TweetTone shows positive online sentiments for African ICT, tech, internet, business
Ever wonder why that Tweet you deemed innocuous led to a backlash? Lymbix, a company working to better understand “sentiment analysis” has products that analyze written communication for emotional intent. The company currently offers two products: ToneCheck (used to prevent the sending of negative email) and TweetTone (used to analyze the emotion behind Twitter conversations). TweetTone is intended to be used in real-time by marketers to monitor the public sentiment behind their brands. However, a free service can also be used to gauge the tone of conversations around a certain keyword.
Based on recent Tweets from June 2-4, many African themes generate positive online conversation. A few examples are included below, but feel free to explore the tool for yourself.
“Africa ICT” evokes friendly and amusing conversation:
“Africa internet” generates enjoyable conversation, although there is a hint of uneasiness:
“Africa tech” is mostly positive (especially amusing), but 1/3 of conversations are deemed negative:
“Africa business” is over 75% positive:
“ict4d” takes the cake when it comes to contentment:
Of course, few algorithms are perfect. TweetTone appears fairly accurate over a large sample. Individually, however, emotion can be confused. Case in point is the recent @oafrica Tweet, “22 African ICT, mobile, broadband, and computer stories from the past 9 days http://bit.ly/li6fa0 #ict4d #africantech“. TweetTone classifies this middle-of-the-road Tweet as sad. I have no idea as to why. A similar Tweet mentioning genocide has been classified as sad, simply due to the inclusion of that word. The Tweet itself lacks much of a stance. Keep in mind:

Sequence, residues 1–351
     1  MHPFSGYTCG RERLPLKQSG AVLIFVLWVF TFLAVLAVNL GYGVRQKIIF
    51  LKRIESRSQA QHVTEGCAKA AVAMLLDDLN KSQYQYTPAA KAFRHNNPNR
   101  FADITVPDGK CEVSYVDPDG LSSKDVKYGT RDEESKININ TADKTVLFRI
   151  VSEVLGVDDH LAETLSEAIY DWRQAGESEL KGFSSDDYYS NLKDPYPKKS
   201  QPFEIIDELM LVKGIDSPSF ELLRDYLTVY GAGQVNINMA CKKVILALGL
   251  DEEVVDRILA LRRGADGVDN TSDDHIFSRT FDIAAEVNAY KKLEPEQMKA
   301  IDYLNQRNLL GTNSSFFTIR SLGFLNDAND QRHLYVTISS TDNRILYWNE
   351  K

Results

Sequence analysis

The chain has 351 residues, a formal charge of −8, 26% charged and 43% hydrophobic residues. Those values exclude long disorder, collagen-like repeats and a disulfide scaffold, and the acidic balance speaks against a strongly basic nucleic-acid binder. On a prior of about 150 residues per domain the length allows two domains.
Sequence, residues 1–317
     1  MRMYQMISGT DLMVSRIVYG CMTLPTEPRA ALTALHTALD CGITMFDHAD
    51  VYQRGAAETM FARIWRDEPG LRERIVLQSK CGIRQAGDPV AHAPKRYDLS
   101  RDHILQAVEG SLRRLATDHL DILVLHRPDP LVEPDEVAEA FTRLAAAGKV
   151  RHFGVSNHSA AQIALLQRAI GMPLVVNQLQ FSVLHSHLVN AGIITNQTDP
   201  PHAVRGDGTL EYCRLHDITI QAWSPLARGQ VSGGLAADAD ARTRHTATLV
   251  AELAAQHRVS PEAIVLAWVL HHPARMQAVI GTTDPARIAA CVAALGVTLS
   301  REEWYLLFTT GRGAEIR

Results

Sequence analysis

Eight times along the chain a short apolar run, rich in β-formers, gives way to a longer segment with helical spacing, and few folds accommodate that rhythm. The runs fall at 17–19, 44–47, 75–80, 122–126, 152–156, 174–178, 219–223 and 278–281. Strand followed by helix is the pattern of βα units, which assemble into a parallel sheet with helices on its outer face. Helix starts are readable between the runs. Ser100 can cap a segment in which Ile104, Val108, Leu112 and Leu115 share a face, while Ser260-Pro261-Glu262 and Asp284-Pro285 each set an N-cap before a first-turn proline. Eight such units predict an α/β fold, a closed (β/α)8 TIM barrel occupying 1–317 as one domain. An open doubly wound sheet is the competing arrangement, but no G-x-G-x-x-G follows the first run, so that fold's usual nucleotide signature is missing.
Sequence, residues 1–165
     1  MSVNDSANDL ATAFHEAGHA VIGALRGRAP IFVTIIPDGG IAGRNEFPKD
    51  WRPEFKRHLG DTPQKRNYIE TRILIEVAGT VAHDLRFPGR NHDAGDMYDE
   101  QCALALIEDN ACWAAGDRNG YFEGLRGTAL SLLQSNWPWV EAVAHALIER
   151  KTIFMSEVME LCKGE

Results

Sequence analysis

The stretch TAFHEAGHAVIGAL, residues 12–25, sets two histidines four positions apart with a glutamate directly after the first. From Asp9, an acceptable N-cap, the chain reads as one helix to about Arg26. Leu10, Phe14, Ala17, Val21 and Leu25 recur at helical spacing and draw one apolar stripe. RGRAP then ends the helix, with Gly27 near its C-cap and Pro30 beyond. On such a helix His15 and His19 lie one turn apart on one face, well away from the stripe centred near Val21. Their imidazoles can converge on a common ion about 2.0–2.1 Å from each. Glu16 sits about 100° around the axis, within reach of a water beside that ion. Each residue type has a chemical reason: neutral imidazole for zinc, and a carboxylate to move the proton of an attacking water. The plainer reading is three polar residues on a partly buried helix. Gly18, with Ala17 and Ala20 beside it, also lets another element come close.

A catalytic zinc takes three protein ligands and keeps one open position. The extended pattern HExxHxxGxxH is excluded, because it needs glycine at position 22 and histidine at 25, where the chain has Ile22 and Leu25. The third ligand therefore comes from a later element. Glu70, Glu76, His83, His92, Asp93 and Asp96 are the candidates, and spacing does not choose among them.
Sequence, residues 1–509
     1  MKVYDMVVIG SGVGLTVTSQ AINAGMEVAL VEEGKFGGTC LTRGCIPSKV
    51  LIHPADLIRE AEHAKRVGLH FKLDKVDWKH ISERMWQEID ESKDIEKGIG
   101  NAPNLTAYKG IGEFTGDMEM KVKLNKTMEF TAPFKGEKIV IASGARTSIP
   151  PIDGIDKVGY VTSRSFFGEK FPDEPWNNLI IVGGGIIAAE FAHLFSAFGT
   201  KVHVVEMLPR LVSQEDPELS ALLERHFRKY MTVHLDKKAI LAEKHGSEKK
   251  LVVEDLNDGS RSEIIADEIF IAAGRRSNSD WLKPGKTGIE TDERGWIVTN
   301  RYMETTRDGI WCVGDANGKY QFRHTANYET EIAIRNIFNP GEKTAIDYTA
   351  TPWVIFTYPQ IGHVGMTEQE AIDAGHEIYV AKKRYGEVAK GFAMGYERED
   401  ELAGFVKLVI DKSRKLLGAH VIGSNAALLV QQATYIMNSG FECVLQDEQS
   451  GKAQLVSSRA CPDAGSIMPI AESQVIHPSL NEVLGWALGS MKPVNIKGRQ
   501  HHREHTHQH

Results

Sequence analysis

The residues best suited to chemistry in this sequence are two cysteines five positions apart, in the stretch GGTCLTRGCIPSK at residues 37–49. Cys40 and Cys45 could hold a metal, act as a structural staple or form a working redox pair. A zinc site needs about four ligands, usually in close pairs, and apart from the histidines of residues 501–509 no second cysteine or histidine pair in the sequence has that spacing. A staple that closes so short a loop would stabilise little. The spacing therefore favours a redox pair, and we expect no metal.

- There’s no “right way” to measure sentiment. Some statements can have both positive and negative emotion, but end up ambiguous.
- TweetTone is only successful with the English language.
- The goal of TweetTone is to both be accurate with what a sentence should mean and agreeable as to how human readers interpret.